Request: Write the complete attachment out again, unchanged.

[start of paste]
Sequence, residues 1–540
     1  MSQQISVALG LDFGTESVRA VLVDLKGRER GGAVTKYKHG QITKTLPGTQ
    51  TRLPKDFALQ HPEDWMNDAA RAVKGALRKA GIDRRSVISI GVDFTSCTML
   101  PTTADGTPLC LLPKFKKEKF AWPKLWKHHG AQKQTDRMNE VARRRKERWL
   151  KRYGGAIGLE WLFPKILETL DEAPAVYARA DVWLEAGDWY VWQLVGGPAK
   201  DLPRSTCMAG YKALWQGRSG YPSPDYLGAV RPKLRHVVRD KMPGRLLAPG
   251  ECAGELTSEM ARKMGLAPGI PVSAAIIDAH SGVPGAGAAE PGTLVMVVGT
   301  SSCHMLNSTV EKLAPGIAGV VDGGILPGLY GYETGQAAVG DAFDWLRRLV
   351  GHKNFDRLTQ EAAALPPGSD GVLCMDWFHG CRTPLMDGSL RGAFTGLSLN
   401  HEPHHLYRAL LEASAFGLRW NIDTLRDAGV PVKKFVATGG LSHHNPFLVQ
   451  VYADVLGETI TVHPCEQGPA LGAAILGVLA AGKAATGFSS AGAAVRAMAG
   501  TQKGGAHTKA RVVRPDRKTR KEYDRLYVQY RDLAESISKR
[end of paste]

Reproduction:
Sequence, residues 1–540
     1  MSQQISVALG LDFGTESVRA VLVDLKGRER GGAVTKYKHG QITKTLPGTQ
    51  TRLPKDFALQ HPEDWMNDAA RAVKGALRKA GIDRRSVISI GVDFTSCTML
   101  PTTADGTPLC LLPKFKKEKF AWPKLWKHHG AQKQTDRMNE VARRRKERWL
   151  KRYGGAIGLE WLFPKILETL DEAPAVYARA DVWLEAGDWY VWQLVGGPAK
   201  DLPRSTCMAG YKALWQGRSG YPSPDYLGAV RPKLRHVVRD KMPGRLLAPG
   251  ECAGELTSEM ARKMGLAPGI PVSAAIIDAH SGVPGAGAAE PGTLVMVVGT
   301  SSCHMLNSTV EKLAPGIAGV VDGGILPGLY GYETGQAAVG DAFDWLRRLV
   351  GHKNFDRLTQ EAAALPPGSD GVLCMDWFHG CRTPLMDGSL RGAFTGLSLN
   401  HEPHHLYRAL LEASAFGLRW NIDTLRDAGV PVKKFVATGG LSHHNPFLVQ
   451  VYADVLGETI TVHPCEQGPA LGAAILGVLA AGKAATGFSS AGAAVRAMAG
   501  TQKGGAHTKA RVVRPDRKTR KEYDRLYVQY RDLAESISKR